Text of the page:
As one of the world’s most famous secret societies, the Freemasons have built something of a reputation for keeping the inner workings of our organization under wraps.
In the wake of the coronavirus outbreak, however, Britain’s Freemasons are breaking with convention to invite the general public to take part in a centuries-old tradition to remind people that they are “not alone.”
The “Nine O’clock Toast” is “a tradition within Freemasonry that has been observed for many hundreds of years,” Dr. David Staples, the CEO and Grand Secretary of the United Grand Lodge of England (UGLE) told Newsweek in a recent interview.
“From modern-day meetings at the pub to gatherings convened at the height of two world wars, the tradition”, he said,” sees members raise a glass during dinner at 9 p.m. each evening to honor their ‘Absent Brethren’ or their fellow Freemasons who cannot be there with them.
“Our members know that wherever they are in the world and whatever they are doing at 9 o’clock, somebody will be raising a glass to them and remembering them,” Staples said.
In the wake of the novel coronavirus outbreak, which has forced friends and family around the world to remain apart in order to avoid catching and spreading the virus, such a message could likely not be more welcome.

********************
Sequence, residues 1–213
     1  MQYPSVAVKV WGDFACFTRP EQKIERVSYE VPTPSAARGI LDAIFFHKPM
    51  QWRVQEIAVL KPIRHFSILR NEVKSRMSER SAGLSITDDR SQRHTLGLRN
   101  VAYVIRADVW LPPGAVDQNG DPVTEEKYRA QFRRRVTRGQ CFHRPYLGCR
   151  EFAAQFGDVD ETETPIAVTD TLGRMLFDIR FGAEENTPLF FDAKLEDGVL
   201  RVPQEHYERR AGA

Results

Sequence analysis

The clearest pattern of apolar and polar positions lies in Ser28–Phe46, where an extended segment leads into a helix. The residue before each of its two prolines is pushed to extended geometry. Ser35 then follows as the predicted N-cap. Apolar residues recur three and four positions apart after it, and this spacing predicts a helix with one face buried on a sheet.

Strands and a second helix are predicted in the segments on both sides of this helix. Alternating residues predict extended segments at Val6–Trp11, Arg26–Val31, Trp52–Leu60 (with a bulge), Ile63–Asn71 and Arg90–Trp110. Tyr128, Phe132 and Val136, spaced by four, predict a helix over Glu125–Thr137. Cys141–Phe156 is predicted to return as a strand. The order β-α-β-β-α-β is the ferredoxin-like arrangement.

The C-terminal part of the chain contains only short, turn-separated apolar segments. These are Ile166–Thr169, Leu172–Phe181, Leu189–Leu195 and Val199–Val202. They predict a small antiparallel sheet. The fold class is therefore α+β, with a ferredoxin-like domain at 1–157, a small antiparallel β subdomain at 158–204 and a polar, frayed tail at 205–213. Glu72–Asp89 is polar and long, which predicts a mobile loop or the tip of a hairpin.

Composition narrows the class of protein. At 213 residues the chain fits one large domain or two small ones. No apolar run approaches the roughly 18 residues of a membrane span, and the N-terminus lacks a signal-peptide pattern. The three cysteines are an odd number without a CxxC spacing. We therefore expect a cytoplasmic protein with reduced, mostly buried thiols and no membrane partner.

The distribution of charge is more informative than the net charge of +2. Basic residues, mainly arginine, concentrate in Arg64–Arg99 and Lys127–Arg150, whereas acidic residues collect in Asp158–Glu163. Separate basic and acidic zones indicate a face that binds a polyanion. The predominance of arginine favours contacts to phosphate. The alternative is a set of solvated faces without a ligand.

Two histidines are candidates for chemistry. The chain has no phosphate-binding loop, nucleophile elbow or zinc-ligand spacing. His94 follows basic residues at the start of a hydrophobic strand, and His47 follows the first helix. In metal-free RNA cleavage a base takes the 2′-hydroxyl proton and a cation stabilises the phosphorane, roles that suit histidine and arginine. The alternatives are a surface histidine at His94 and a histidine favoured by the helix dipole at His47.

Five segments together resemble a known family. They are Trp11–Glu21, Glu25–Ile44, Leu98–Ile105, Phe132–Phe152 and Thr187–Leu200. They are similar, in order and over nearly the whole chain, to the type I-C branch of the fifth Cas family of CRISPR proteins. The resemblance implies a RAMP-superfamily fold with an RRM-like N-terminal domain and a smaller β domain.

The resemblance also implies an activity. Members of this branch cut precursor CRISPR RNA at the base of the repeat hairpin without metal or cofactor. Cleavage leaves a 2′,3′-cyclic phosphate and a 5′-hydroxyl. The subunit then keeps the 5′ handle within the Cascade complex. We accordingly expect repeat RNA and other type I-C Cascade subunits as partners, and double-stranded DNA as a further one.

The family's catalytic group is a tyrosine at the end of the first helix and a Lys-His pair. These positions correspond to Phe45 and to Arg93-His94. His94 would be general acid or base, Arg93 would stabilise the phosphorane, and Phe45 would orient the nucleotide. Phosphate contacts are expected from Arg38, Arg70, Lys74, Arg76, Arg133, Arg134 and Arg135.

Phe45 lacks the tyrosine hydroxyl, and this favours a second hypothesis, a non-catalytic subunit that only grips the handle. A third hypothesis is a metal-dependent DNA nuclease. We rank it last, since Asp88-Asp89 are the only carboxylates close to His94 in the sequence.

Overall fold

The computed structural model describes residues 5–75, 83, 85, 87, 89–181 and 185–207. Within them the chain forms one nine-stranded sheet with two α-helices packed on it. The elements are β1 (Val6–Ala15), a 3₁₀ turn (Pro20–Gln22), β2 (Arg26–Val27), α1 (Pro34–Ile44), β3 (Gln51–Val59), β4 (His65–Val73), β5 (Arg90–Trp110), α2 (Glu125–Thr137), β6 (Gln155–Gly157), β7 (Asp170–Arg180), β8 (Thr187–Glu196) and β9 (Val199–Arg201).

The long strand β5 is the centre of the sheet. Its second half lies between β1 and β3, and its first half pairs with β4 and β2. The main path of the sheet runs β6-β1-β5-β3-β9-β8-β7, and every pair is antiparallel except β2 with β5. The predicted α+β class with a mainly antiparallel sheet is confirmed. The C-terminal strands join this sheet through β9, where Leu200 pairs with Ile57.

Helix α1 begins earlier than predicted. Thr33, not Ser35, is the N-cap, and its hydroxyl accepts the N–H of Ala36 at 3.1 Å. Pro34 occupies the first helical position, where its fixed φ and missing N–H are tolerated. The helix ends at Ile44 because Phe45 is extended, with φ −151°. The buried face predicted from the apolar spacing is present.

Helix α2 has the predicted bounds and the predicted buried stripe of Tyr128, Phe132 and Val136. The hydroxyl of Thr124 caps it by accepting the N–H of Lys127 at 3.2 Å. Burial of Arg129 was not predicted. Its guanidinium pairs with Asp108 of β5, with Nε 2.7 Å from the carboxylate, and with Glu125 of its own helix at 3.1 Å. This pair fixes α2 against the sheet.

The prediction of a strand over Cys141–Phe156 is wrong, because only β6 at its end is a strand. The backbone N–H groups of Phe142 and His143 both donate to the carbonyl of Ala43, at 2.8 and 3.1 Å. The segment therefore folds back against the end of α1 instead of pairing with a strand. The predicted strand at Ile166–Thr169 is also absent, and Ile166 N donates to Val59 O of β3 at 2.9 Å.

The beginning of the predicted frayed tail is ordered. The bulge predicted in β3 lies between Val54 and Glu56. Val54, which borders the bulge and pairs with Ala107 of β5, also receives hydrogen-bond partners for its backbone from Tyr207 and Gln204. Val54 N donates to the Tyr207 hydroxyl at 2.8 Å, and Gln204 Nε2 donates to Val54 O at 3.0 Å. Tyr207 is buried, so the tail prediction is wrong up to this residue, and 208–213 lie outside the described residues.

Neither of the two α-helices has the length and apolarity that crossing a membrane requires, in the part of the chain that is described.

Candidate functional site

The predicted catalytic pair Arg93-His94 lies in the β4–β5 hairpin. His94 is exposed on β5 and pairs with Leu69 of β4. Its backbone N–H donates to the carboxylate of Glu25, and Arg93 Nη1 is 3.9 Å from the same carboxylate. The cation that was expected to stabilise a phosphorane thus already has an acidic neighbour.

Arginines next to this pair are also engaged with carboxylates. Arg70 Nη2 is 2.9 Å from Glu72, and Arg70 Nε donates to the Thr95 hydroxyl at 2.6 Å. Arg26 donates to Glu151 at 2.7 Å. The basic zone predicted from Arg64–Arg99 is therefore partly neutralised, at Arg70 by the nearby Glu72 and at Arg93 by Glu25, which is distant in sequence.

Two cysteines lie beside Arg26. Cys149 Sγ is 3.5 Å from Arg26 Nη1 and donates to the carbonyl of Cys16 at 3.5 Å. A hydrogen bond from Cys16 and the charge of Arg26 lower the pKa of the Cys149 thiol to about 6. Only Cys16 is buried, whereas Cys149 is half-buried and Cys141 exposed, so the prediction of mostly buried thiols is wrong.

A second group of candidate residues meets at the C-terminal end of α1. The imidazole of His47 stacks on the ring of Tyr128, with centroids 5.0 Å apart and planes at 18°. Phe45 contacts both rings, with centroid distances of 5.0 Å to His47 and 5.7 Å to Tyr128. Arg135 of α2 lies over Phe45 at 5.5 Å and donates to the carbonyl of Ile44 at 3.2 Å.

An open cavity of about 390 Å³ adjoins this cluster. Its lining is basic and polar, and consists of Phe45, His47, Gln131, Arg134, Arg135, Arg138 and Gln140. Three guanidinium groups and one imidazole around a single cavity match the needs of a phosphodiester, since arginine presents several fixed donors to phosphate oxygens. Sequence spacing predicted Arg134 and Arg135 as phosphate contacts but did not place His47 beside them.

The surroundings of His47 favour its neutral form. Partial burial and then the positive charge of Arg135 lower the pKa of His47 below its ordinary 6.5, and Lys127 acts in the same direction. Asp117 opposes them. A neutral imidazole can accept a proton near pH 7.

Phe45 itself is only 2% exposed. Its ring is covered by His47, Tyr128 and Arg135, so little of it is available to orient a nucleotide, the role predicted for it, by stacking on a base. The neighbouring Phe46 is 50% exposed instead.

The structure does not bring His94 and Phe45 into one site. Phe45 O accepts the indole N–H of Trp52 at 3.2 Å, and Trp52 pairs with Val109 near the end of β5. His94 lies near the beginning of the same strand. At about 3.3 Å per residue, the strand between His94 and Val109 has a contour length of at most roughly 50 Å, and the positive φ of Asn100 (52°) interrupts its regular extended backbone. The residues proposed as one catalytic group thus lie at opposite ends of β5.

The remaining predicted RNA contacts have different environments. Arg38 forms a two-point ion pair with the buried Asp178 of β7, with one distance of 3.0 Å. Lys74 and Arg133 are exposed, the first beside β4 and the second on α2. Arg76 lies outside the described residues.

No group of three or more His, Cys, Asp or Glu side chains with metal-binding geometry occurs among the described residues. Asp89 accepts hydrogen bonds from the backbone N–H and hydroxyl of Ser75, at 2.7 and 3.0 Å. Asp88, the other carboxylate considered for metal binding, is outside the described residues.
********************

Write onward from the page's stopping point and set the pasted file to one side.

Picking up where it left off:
“This is a tradition that we have had for 300 years and it’s something that we think helps people to not feel quite so lonely and isolated,” Staples said.
With the COVID-19 outbreak forcing people to stay apart, whether they are living under lockdown policies, are in quarantine, or are choosing to self-isolate, Staples said he hoped that participating in the Freemason tradition might help them feel less alone.
Using the hashtag #TimetoToast, Freemasons and members of the public are being asked to participate in a nightly “virtual” toast.
“This is about sharing one of our traditions which we think will help people to feel a little less lonely, a little less isolated,” he said. “If they can do that every night, to raise a glass to the people they’re missing.”
In addition to sending out a reminder to people that they are not alone, Staples said participants will also be toasting to the many health care workers who are at the frontlines of combating the COVID-19 outbreak, as well as to workers, such as delivery drivers, who are also keeping cities and countries running behind the scenes, despite the risks.
While this tradition is not strongly present in United States lodges it would seem appropriate during this time of isolation that we join our British brethren… at least in spirit (if not with spirits) with a thought each evening for those we are separated from.
Stay safe and healthy until we return to normalcy.